The best cheap keyboard for mobile devices that we've tested is the Logitech K380. It's a very lightweight and compact model that's easy to carry around. You can easily connect it to up to three devices via Bluetooth. It has excellent compatibility with most desktop and mobile operating systems, making it quite versatile.
It uses scissor switches that require a bit of force to go over the tactile bump, though the general typing experience is light and shouldn’t cause any fatigue. The keys have a circular shape, and their short pre-travel distance makes them feel very responsive. Also, thanks to its low profile, it should feel comfortable enough to type on for extended periods.
Unfortunately, you can only reprogram a few keys to a preset list of commands. It also doesn't have any backlighting, and its build quality is only decent as it’s entirely made of plastic. Overall, if you work a lot on your phone or tablet while you're out and about, this is the best budget keyboard for mobile devices we've tested.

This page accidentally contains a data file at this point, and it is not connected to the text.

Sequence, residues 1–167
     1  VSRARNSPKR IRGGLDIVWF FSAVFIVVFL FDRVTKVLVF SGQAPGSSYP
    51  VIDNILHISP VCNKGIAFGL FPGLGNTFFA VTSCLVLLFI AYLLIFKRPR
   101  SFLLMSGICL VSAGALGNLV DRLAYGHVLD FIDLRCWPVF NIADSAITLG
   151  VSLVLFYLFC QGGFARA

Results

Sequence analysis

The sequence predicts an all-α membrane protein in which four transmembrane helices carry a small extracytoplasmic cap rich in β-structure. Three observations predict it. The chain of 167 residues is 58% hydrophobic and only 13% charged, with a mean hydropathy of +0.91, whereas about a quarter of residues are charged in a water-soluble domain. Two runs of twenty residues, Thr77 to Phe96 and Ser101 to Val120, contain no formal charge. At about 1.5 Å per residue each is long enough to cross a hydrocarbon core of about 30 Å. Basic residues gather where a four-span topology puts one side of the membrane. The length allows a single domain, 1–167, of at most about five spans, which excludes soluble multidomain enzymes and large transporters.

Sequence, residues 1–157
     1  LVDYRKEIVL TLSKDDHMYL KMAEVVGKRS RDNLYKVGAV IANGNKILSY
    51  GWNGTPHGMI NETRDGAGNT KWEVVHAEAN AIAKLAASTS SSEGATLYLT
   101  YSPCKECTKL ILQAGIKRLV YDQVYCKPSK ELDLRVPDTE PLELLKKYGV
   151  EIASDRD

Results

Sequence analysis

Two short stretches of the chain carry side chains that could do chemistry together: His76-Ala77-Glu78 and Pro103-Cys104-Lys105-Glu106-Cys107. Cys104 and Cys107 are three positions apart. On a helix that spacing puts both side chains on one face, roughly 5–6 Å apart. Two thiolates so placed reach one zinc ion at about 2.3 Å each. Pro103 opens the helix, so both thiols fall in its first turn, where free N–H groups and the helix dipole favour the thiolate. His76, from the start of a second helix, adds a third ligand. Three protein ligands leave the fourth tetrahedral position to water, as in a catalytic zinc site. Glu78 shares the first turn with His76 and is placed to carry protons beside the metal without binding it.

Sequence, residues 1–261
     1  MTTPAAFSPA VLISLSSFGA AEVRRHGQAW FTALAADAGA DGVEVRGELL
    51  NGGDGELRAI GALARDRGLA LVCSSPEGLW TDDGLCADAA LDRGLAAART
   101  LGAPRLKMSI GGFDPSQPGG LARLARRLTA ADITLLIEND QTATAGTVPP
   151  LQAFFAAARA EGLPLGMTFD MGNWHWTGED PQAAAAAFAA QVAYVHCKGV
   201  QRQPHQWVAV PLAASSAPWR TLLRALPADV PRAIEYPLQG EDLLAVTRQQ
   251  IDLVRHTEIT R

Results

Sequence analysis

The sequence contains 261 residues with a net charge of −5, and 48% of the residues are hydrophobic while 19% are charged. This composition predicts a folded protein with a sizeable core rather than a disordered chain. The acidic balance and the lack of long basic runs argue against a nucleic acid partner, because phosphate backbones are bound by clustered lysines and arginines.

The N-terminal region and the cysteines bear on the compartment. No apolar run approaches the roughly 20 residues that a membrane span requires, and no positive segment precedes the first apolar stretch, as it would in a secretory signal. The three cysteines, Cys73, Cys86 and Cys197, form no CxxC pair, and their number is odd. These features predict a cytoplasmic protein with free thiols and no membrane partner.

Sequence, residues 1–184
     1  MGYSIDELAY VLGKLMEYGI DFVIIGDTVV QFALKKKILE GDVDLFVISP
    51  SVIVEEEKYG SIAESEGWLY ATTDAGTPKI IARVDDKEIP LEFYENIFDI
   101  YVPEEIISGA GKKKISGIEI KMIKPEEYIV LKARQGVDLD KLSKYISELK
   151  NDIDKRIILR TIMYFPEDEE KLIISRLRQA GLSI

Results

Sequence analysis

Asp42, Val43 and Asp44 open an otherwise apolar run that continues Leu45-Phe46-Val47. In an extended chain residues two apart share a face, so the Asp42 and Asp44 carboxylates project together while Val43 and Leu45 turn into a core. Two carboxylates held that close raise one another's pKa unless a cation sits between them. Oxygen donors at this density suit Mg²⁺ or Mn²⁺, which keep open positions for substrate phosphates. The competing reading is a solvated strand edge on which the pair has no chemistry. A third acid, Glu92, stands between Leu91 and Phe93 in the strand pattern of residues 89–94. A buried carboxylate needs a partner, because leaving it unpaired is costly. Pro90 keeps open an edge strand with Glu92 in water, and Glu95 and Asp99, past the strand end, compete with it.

12/22/2020: Updated text for clarity and structure, no changes in product picks.
10/23/2020: Changed 'Best Cheap' to 'Best Cheap Gaming'.
06/22/2020: Changed the Redragon K552 to the 'Best Cheap Keyboard' from 'Best Cheap Mechanical Keyboard'.
Our recommendations above are what we think are currently the best cheap keyboards for most people. We factor in the price, feedback from our visitors, and availability.
If you would like to do the work of choosing yourself, here is the list of all our keyboard reviews. Be careful not to get too caught up in the details. While no keyboard is perfect for every use, most are good enough to please almost everyone, and the differences are often not noticeable unless you really look for them.